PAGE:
Having arranged accomodation through couchsurfing again, I found myself in Sibiu's main sqaure waiting for my host to come pick me up after finishing work. Alexander was his name and sales was his game. He was also a fairly high standing member of the Romanian Orthodox church as I was to soon find out.
Unfortunately due to committments I had only one night and day in Sibiu. As Europe's cultural capital in 2007 you should probably allocate more time to the place than I did. However through good fortune god, the universal power, luck whatever you want to call it sent me Alexander along, who had been responsible for hosting European dignataries when they came en masse during 2007 to visit Sibiu. Thus having walked around the city during the day myself, trying to take in as much as I could, I had by night an experienced guide who had access to half of the city that was now supposed to be closed.
Which he took me to, along with shouting me dinner, a very tasty dinner at that. I tried to pay, but as I was finding out, Eastern Europeans, take their role as host very seriously and
are unbelievably hospitable to the point where I almost feel embarrassed staying with them. They are just too nice. Anyway I now know the standard here and will reciprocate it in the future if and when I ever have a firm home base.
So we went to the university campus and various churches, walked around the old city and he explained almost everything there is to know about Sibiu I would imagine. We then found ourselves at his parents' house around midnight where he proceeded to show me a video about Sibiu. We went to bed at around 1am, then he got up to take me to the taxi I needed to take to get my bus at 5.30am, before he headed off for another day of work.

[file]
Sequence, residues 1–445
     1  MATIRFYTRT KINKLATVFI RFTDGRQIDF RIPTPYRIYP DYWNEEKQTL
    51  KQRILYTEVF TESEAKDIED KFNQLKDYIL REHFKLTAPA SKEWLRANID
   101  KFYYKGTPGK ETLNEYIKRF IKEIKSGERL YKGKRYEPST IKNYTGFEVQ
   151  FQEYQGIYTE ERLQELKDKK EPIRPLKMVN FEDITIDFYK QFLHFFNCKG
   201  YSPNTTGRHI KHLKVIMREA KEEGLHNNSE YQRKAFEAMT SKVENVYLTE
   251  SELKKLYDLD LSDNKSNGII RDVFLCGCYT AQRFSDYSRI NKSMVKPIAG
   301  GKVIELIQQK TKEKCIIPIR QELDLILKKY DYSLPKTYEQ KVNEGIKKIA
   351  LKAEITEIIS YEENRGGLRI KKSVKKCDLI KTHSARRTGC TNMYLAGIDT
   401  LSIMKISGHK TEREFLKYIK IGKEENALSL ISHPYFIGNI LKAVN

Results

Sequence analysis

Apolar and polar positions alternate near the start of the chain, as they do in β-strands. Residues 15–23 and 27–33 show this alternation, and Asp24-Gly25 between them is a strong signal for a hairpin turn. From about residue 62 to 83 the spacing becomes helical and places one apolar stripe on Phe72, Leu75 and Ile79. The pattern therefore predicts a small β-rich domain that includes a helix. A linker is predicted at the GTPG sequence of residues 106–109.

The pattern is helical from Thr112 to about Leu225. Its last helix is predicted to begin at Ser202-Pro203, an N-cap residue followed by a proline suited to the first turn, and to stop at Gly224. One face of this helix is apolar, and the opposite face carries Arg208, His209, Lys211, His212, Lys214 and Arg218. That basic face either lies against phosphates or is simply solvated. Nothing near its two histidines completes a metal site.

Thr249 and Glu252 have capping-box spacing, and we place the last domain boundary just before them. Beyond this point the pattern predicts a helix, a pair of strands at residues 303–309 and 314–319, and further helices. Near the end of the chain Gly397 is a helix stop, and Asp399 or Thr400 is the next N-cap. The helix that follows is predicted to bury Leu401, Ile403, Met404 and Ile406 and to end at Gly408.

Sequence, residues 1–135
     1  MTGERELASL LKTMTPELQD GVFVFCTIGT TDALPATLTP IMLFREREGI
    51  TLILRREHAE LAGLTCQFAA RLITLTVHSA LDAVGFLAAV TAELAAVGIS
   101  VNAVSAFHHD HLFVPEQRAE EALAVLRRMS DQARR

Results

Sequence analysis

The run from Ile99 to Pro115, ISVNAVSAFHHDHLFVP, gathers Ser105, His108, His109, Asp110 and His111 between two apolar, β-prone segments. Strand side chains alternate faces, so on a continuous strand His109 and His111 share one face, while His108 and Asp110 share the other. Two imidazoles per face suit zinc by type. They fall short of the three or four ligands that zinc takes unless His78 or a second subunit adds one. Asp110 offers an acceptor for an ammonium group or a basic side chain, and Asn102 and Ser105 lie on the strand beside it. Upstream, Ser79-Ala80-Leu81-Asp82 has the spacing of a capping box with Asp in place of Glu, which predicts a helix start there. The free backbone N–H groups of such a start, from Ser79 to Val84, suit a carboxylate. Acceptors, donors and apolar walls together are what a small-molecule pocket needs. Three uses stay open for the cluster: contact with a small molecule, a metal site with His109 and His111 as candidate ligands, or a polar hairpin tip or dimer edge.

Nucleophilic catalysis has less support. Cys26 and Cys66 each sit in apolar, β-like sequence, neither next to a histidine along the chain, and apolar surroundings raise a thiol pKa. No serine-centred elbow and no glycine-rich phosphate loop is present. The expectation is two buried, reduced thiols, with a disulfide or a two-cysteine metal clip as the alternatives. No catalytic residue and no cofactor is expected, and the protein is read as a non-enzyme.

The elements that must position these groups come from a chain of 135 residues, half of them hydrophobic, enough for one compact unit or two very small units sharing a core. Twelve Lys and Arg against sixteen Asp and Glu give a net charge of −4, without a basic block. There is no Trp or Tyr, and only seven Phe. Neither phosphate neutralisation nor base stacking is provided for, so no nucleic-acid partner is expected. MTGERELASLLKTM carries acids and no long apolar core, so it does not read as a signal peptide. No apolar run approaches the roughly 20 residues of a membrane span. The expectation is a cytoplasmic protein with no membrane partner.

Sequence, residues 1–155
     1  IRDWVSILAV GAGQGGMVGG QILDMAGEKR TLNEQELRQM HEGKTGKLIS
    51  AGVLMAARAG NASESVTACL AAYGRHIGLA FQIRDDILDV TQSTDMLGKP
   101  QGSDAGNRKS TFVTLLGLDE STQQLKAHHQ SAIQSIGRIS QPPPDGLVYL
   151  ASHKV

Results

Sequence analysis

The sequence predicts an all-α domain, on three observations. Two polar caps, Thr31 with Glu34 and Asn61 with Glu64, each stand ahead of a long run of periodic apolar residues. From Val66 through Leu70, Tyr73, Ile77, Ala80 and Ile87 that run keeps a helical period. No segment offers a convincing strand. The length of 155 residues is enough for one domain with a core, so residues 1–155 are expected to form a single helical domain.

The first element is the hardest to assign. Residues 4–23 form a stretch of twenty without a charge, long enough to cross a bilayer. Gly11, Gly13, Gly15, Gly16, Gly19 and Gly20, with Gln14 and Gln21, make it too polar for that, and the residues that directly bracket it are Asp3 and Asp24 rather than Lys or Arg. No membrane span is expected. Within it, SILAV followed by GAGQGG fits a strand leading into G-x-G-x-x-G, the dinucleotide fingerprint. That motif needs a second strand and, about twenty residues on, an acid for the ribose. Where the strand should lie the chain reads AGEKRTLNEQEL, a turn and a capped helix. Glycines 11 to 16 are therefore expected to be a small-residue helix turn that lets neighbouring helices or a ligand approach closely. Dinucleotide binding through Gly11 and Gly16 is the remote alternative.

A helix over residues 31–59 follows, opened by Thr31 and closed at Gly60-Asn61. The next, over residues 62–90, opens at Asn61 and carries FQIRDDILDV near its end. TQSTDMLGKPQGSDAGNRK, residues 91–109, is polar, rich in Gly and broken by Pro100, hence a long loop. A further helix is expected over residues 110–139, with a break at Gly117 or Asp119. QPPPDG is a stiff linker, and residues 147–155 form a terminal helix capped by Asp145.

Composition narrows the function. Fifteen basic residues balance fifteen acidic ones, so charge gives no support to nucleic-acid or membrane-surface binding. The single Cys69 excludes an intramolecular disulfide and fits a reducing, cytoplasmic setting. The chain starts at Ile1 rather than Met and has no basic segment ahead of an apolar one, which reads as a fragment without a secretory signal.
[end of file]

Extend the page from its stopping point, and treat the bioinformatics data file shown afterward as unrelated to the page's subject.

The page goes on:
The taxi driver that took me to the bus station was another native German speaker I had met in Sibiu which is another city that was formerly under the dominion of Germany and a city that still has a high percentage of Germans living there. I had found out Alexander's take on this the day before in a rather humorous way, when in typical latin style he crossed the road,
despite the flashing red light. The closest car driver that was stationery when he walked out, furiously bept the horn at Alexander who yelled out "This is not Germany" and gestured in a rather unchristianlike manner to further reenforce the point. I stood there nervously twiddling my thumbs as they squared off in a moment of cultures clashing. With the car's departure, I noticed with relief that I could sit on the fence with that debate and cross the red as there were no cars coming - A happy medium which allowed me to nod my head in agreement for the next five minutes without looking like a complete hypocrite...
Another thing that I had reenforced by Alexander which I find interesting is that although the Romanians constantly battled with the Ottomans over many centuries, they were never defeated to the point where they became part of the Ottoman empire, which geographically is quite interesting, because, the Ottomans managed to rape, murder and pillage their way thorough, Bulgaria, Hungary, Greece former Yugoslavia, all the way up to the gates of Vienna. A lot of Romanians are very proud of this point and see themselves as having defended not only
themselves, but the entire of chistian europe from this islamic invader.
A historic point that has a lot of relevance, although largely unsaid in the current debate over accepting Turkey into the EU. A lot of people behind closed doors all over Europe, are not to keen on the idea of letting near on 80 million Turks in, especially when they breed at a rate 2 to 3 times higher than the majority of Europe. Aside from the current problems with the integration of Turks in Germany, I think historically you can kind of see where the uneasiness/fear of many europeans comes from. The Turks for their part are doing everything they can to meet european requirements seeing the EU as a way to secure their future prosperity and a way in which to increase their influence. Interesting times ahead...
Back to Sibiu, aside from learning about the constant Ottoman attacks on Sibiu and the special fortifications and strategies the Romanians devised to thwart their attacks, Alexander also taught me a lot about the Romanian Orthodox church. I don't know if it's because I have been in Western Europe for a while looking at Catholic and Protestant churches,
but the Romanian Orthodox churches really took my interest. They are extremely colourful and ritualistic places. I sat through part of a mass during the day and found it quite spellbinding. Much to much effort for me to ever be a follower, but very interesting to check out none the same....
So in summary Sibiu for me was short but sweet....
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